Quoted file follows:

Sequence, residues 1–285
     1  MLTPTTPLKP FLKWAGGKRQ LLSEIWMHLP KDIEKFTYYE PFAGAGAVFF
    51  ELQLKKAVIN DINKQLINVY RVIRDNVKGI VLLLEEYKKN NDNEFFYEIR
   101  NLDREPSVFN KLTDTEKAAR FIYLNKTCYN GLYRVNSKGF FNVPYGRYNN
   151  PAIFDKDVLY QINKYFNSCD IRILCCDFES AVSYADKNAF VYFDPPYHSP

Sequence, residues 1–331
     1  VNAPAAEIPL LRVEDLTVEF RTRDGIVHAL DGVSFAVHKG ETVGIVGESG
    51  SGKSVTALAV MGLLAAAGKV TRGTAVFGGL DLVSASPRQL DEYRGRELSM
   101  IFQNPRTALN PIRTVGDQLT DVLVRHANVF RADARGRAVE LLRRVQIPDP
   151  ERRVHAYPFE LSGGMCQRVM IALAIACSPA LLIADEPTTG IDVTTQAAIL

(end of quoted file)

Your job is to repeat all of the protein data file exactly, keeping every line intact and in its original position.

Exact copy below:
Sequence, residues 1–285
     1  MLTPTTPLKP FLKWAGGKRQ LLSEIWMHLP KDIEKFTYYE PFAGAGAVFF
    51  ELQLKKAVIN DINKQLINVY RVIRDNVKGI VLLLEEYKKN NDNEFFYEIR
   101  NLDREPSVFN KLTDTEKAAR FIYLNKTCYN GLYRVNSKGF FNVPYGRYNN
   151  PAIFDKDVLY QINKYFNSCD IRILCCDFES AVSYADKNAF VYFDPPYHSP

Sequence, residues 1–331
     1  VNAPAAEIPL LRVEDLTVEF RTRDGIVHAL DGVSFAVHKG ETVGIVGESG
    51  SGKSVTALAV MGLLAAAGKV TRGTAVFGGL DLVSASPRQL DEYRGRELSM
   101  IFQNPRTALN PIRTVGDQLT DVLVRHANVF RADARGRAVE LLRRVQIPDP
   151  ERRVHAYPFE LSGGMCQRVM IALAIACSPA LLIADEPTTG IDVTTQAAIL